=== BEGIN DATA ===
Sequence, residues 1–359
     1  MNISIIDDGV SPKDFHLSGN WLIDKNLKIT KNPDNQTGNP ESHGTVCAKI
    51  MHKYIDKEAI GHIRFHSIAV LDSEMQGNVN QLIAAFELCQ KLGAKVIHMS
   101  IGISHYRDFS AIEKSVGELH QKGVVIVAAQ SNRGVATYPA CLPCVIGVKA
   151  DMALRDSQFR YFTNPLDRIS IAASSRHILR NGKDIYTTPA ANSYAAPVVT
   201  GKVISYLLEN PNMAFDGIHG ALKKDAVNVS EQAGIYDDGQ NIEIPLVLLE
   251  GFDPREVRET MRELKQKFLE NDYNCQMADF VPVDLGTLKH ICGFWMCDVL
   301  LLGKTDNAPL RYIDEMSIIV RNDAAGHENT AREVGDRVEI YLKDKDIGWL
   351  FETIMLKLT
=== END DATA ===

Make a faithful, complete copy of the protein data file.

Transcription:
Sequence, residues 1–359
     1  MNISIIDDGV SPKDFHLSGN WLIDKNLKIT KNPDNQTGNP ESHGTVCAKI
    51  MHKYIDKEAI GHIRFHSIAV LDSEMQGNVN QLIAAFELCQ KLGAKVIHMS
   101  IGISHYRDFS AIEKSVGELH QKGVVIVAAQ SNRGVATYPA CLPCVIGVKA
   151  DMALRDSQFR YFTNPLDRIS IAASSRHILR NGKDIYTTPA ANSYAAPVVT
   201  GKVISYLLEN PNMAFDGIHG ALKKDAVNVS EQAGIYDDGQ NIEIPLVLLE
   251  GFDPREVRET MRELKQKFLE NDYNCQMADF VPVDLGTLKH ICGFWMCDVL
   301  LLGKTDNAPL RYIDEMSIIV RNDAAGHENT AREVGDRVEI YLKDKDIGWL
   351  FETIMLKLT